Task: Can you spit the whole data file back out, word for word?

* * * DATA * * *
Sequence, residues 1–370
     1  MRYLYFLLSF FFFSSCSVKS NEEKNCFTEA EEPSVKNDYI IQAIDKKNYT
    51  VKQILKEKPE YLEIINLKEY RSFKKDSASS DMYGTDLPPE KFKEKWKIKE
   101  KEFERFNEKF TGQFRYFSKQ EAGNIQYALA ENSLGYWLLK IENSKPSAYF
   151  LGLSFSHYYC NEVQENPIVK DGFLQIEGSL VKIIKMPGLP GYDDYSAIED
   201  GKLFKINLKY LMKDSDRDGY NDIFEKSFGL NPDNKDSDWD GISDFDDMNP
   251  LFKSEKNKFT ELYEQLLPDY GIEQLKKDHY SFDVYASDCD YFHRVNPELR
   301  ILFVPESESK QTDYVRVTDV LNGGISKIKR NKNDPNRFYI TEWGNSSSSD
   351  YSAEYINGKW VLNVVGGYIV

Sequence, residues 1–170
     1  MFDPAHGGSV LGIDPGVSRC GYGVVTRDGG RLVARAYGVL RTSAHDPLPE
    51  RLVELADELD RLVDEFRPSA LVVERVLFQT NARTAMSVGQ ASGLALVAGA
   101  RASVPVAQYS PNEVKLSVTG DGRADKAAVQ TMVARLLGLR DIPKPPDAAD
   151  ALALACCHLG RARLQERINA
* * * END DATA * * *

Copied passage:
Sequence, residues 1–370
     1  MRYLYFLLSF FFFSSCSVKS NEEKNCFTEA EEPSVKNDYI IQAIDKKNYT
    51  VKQILKEKPE YLEIINLKEY RSFKKDSASS DMYGTDLPPE KFKEKWKIKE
   101  KEFERFNEKF TGQFRYFSKQ EAGNIQYALA ENSLGYWLLK IENSKPSAYF
   151  LGLSFSHYYC NEVQENPIVK DGFLQIEGSL VKIIKMPGLP GYDDYSAIED
   201  GKLFKINLKY LMKDSDRDGY NDIFEKSFGL NPDNKDSDWD GISDFDDMNP
   251  LFKSEKNKFT ELYEQLLPDY GIEQLKKDHY SFDVYASDCD YFHRVNPELR
   301  ILFVPESESK QTDYVRVTDV LNGGISKIKR NKNDPNRFYI TEWGNSSSSD
   351  YSAEYINGKW VLNVVGGYIV

Sequence, residues 1–170
     1  MFDPAHGGSV LGIDPGVSRC GYGVVTRDGG RLVARAYGVL RTSAHDPLPE
    51  RLVELADELD RLVDEFRPSA LVVERVLFQT NARTAMSVGQ ASGLALVAGA
   101  RASVPVAQYS PNEVKLSVTG DGRADKAAVQ TMVARLLGLR DIPKPPDAAD
   151  ALALACCHLG RARLQERINA